Visual effects master Ray Harryhausen, whose stop-motion wizardry graced such films as Jason and the Argonauts and Clash of the Titans, has died aged ninety two. The American animator made his models by hand and painstakingly shot them frame-by-frame to create some of the best-known battle sequences in cinema. His death in London was confirmed by a family representative. 'Harryhausen's genius was in being able to bring his models alive,' said an official statement from his foundation. 'Whether they were prehistoric dinosaurs or mythological creatures, in Ray's hands they were no longer puppets but became instead characters in their own right.' Born in Los Angeles in June 1920, Raymond Frederick Harryhausen had a passion for dinosaurs as a child that led him to make his own versions of prehistoric creatures. Films like 1925's The Lost World and the 1933 version of King Kong stoked that passion and prompted him to seek out a meeting with Willis O'Brien, a pioneer in the field of model animation. He attended Los Angeles City College and continued his experiments with a new stop-frame sixteen millimetre camera. When, in 1940, George Pal, the puppeteer film-maker, fled to Hollywood from Europe, Harryhausen showed him his work and was subsequently hired to work on Pal's Puppetoon series for Paramount alongside O'Brien. Its unjointed wooden figures did not really suit either Harryhausen or O'Brien. Harryhausen made room to begin his dream project: Evolution of the World, a history of the planet. Surviving footage and sketches show a debt to Gustave Doré and to King Kong, but the time it would take to complete, combined with the release of Disney's Fantasia (1940) – in which the Rite of Spring sequence covered much of the same ground – stopped the project. In 1942 Harryhausen enlisted in the army, was assigned to the Signal Corps and got himself drafted into Frank Capra's unit to work on propaganda films. He also contributed to the Army-Navy Screen Magazine as an assistant photographer. Unemployed after demobilisation in 1946, he began a series of animated two-minute fairy tales using out-of-date Kodak stock that he had found. Tied together with a Mother Goose prologue and epilogue, the resulting short film was successfully sold to schools and libraries. O'Brien, who was working on Mighty Joe Young (1949), then called on Harryhausen to be his assistant. The film did not do well commercially, but O'Brien won an Oscar for the special effects. Harryhausen returned to his fairy stories, using the pseudonym Jerome Wray for his photography, and then began work on The Beast from Twenty Thousand Fathoms (1953), inspired by Ray Bradbury's short story The Fog Horn. He devised a dynamic split-screen technique which enabled him to eradicate the then expensive system of inserting miniatures or glass paintings to combine stop-motion with live action. This process was eventually named Dynamation for the marketing campaign for The Seventh Voyage of Sinbad and subsequent sequels. Harryhausen was hired by Hammer Film Productions to animate the dinosaurs for One Million Years BC, released in 1967. It was a box office smash, helped in part by the presence of shapely Raquel Welch in a cavewoman bikini. In 2009, he released colourised DVD versions of three of his classic black and white Columbia films (Twenty Million Miles to Earth, Earth Vs the Flying Saucers, and It Came from Beneath the Sea). He is perhaps best remembered for animating the seven skeletons who come to life in Jason and the Argonauts, a sequence which took him three months to film, and for the Medusa who turned men to stone in Clash of the Titans. Harryhausen inspired a generation of film directors, from Steven Spielberg and James Cameron to Peter Jackson. Peter Lord of Aardman Animations was quick to pay tribute, describing Ray as 'a one-man industry and a one-man genre' on Twitter. 'I loved every single frame of Ray Harryhausen's work,' tweeted Shaun of the Dead and Hot Fuzz director Edgar Wright. 'He was the man who made me believe in monsters.' George Lucas is reported to have said, 'Without Ray Harryhausen, there would likely have been no Star Wars.' A modest and charming man with a delightful sense of humour and ineffable courtesy, Harryhausen was always good company. He published his Film Fantasy Scrapbook in 1972, dedicating it to his mentor Willis O'Brien. It also included a preface from Ray Bradbury, whom Harryhausen had met as a teenager at the Los Angeles Science Fiction League; he was the best man at Bradbury's wedding. The veteran animator donated his complete collection - about twenty thousand objects - to the National Media Museum in Bradford in 2010. He published his autobiography, An Animated Life, in 2004. In retirement he had also returned to sculpting, and lectured and toured the world with exhibitions, culminating with one at the Academy of Motion Picture Arts and Sciences in Los Angeles and at the London Film Museum in 2010 to celebrate his ninetieth birthday, together with a special event at the National Film Theatre hosted by John Landis. In 2012 the documentary Ray Harryhausen: Special Effects Titan was released. Once, when asked if he had a favourite among his creatures, Harryhausen replied: 'It would be Medusa. But don't tell the others.' He married Diana Livingstone in 1962. She survives him, along with their daughter, Vanessa.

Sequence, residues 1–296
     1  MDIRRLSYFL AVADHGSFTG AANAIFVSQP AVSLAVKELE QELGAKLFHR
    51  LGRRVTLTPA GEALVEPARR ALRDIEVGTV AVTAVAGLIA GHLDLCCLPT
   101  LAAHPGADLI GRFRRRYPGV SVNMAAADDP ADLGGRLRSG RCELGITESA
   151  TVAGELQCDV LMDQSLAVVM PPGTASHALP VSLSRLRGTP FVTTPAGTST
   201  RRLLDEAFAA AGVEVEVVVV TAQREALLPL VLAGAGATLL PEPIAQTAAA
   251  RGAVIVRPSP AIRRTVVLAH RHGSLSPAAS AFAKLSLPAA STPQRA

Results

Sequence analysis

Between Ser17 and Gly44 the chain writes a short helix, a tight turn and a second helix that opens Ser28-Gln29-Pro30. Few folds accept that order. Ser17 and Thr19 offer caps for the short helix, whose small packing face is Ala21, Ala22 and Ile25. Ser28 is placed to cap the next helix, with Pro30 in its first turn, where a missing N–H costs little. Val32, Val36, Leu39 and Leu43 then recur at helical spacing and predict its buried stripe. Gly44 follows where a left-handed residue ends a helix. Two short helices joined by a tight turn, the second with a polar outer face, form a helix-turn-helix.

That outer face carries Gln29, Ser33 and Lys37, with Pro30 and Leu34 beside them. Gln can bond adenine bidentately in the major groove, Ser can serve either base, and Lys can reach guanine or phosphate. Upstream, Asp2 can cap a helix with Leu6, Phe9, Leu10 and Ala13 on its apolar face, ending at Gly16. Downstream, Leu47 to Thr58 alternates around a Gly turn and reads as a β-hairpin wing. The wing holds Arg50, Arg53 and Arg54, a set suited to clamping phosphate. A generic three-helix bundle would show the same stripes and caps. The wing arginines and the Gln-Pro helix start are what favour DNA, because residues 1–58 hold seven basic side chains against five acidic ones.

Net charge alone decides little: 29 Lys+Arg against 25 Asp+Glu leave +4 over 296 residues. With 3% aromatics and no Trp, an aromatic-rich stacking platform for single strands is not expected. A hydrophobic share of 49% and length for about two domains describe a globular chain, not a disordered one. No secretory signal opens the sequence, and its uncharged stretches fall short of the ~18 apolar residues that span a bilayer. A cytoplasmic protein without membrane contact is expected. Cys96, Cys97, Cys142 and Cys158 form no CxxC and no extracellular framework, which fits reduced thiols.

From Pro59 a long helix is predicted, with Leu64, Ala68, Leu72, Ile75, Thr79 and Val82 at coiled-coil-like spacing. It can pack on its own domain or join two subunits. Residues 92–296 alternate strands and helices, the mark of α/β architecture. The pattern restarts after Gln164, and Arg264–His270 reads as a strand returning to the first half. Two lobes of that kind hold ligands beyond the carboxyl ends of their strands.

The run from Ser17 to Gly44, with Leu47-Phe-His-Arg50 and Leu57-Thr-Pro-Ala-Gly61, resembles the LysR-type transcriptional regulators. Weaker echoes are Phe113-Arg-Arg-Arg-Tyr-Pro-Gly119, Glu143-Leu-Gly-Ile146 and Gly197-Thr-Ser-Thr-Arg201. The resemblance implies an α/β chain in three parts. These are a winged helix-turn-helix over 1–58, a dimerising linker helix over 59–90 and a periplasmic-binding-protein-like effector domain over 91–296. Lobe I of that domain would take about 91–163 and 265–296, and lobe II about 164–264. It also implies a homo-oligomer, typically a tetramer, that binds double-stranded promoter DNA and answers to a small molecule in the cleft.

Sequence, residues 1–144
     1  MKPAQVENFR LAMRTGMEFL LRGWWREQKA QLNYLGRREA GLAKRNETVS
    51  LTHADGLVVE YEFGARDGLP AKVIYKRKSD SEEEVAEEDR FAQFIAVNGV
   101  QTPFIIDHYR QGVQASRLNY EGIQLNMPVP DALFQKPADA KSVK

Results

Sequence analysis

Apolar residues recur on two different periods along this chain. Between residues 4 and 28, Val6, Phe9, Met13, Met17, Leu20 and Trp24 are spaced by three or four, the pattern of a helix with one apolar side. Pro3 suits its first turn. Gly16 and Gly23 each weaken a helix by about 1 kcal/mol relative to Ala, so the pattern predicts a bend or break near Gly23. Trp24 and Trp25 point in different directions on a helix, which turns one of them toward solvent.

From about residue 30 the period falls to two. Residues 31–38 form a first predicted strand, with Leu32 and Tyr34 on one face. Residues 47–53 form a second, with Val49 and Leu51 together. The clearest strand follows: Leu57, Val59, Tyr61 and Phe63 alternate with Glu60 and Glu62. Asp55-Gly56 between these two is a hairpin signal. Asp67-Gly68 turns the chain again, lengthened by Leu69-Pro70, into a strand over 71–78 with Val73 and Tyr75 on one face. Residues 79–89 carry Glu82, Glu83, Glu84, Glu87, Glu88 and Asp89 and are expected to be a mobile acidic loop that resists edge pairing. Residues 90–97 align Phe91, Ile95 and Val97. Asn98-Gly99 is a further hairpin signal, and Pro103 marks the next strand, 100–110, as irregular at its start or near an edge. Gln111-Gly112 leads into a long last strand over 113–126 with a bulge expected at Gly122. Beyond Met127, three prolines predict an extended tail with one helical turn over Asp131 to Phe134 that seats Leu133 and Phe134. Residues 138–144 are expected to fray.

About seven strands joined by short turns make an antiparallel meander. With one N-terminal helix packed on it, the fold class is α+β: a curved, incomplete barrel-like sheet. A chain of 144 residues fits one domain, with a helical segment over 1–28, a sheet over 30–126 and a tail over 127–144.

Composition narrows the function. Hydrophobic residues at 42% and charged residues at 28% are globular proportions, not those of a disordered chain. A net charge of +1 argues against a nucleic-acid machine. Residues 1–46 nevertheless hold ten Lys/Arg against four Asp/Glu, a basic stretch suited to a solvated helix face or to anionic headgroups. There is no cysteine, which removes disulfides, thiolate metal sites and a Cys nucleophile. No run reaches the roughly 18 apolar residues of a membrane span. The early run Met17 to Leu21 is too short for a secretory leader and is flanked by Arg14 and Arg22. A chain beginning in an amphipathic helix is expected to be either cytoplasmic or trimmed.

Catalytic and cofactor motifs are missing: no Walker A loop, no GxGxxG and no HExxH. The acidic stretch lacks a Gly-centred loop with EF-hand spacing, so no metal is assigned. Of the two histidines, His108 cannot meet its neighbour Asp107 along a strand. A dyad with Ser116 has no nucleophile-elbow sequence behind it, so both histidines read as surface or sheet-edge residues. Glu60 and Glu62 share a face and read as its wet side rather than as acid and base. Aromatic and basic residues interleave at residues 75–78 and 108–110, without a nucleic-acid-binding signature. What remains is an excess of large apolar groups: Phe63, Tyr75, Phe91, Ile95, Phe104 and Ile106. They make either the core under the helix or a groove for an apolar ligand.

For today's Keith Telly Topping's 45 of the Day, here's a splash of The Primitives.